13
Oct

Meriting Many Years....with Sukkot as the model

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Members of the Sephardic community greet one another with the expression תזכו לשנים רבות - "may you merit many years" from Rosh Hashana to Yom Hakippurim.


Rav Hayim David HaLevy, late Sephardic Chief Rabbi of Tel Aviv, was asked to identify the original source of this greeting. In the course of his response in his book, "Aseh Leha Rav", Rav HaLevy cites Rav Hayim Palagi, who identifies the source as the verse in Devarim 16:13
ז,יג חַ֧ג הַסֻּכֹּ֛ת תַּֽעֲשֶׂ֥ה לְךָ֖ שִׁבְעַ֣ת יָמִ֑ים בְּאָ֨סְפְּךָ֔ מִֽגָּרְנְךָ֖ וּמִיִּקְבֶֽךָ׃
When you bring in the products of your threshing floor and wine vat, you shall celebrate the festival of Sukkot for seven days.


The verse uses the future tense, "you shall celebrate"; and so we wish our fellow Jews, "If you celebrated Sukkot this year, may you merit doing so for many years to come…."


This source is perplexing: Even if we see the hint in the language, what is there about Sukkot that makes it fit to be the basis of this greeting? And why did Sephardic custom develop along different lines, namely, to greet others with תזכו לשנים רבות until the end of Yom Kippur, but "Moadim Lesimcha" –on Sukkot?


I would like to propose an answer based on an excerpt from Rav Shlomo Aviner's book, עם כלביא. Rav Aviner notes the odd phenomenon of two opposite themes during the month of Tishri: both the High Holydays, the "Days of Awe", and Sukkot, "Zeman Simhatenu - the time of our joy"! The Rishonim also note that there seems to be no intrinsic connection between Sukkot and the month of Tishri; after all, Sukkot recalls the divine protection afforded the Children of Israel the entire stretch of 40 years in the desert!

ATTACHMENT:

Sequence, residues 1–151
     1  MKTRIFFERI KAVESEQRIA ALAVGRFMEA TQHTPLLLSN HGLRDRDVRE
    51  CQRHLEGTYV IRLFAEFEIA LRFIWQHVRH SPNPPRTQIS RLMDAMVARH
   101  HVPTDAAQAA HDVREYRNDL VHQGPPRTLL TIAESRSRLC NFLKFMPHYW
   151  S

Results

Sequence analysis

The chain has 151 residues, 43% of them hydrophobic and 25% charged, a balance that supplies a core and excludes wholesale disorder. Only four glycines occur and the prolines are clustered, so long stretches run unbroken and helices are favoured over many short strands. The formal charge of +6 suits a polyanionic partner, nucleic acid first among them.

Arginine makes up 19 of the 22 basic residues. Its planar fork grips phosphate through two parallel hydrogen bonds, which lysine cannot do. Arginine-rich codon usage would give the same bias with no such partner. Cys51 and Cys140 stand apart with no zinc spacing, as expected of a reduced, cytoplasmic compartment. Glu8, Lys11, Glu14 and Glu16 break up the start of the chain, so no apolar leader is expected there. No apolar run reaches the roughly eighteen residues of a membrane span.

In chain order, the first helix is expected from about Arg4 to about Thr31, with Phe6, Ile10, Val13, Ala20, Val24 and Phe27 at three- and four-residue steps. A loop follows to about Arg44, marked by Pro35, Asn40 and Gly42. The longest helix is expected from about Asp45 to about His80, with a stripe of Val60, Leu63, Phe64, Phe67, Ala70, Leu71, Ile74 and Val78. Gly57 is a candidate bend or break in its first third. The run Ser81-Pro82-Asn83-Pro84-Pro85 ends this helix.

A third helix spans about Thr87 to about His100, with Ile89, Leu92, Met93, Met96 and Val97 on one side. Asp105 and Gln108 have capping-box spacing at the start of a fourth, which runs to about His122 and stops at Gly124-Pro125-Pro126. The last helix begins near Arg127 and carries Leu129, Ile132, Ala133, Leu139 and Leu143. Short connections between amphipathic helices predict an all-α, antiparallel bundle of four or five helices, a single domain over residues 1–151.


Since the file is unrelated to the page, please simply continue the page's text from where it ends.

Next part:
Rav Aviner quotes Peleh Yo'etz, who explains: "[Sukkot is right after the Days of Awe] to cause us to rejoice from our anguish and sadness of the days of repentance." Sefat Emet notes: "…After the Days of Awe, there is a special need for joy, because a person is not complete if he is only exposed to awe and fear."


In other words, we need to be emotionally "healed" from the impact of the High Holydays. During Elul, we gradually detach more and more from this world, and turn our attention to spiritual pursuits – with the climax – Yom Kippur. Rav Avraham Yitzhak Kook says that, of necessity, this process triggers a "disconnect" with the sanctity of this world. "But, in truth, this world and the next hug each other; they are intertwined, and the cultivation of one serves as the basis for elevation in the next. True, during the days of repentance, we need to intensify our spiritual pursuits; that is why the days of joy arrive – to return ourselves to (normative) life."


Unfortunately, many American Jews, including our own congregations, make the most concerted effort to attend services on Rosh Hashana and Yom Kippur. Often, their last Jewish religious experience for the year is the exhausting 25-hour Yom Kippur fast.


With this in mind, let us return to the source of תזכו לשנים רבות – may you merit many years, the verse in Devarim Ch. 16 mandating the observance of Sukkot:
ז,יג חַ֧ג הַסֻּכֹּ֛ת תַּֽעֲשֶׂ֥ה לְךָ֖ שִׁבְעַ֣ת יָמִ֑ים בְּאָ֨סְפְּךָ֔ מִֽגָּרְנְךָ֖ וּמִיִּקְבֶֽךָ׃
When you bring in the products of your threshing floor and wine vat, you shall celebrate the festival of Sukkot for seven days


When we wish someone תזכו לשנים רבות, we are not just wishing him a long life; quality of life is also important! We want our fellow Jews to live long, happy, fulfilled lives. As Sefat Emet notes, one whose relationship with G-d is built only on awe and fear, does not become spiritually whole. With the verse in Devarim as the backdrop, we can be understood as wishing another a long, quality life of joy and closeness to the Creator!
True, the custom is to issue תזכו לשנים רבות as a greeting between Rosh Hashana and Yom Kippur, because that is when our lives are literally hanging in the balance; embedded in our good wishes is a beracha for a joyous fulfilling life, the kind of life we begin to taste from with the arrival of Sukkot, זמן שמחתינו.

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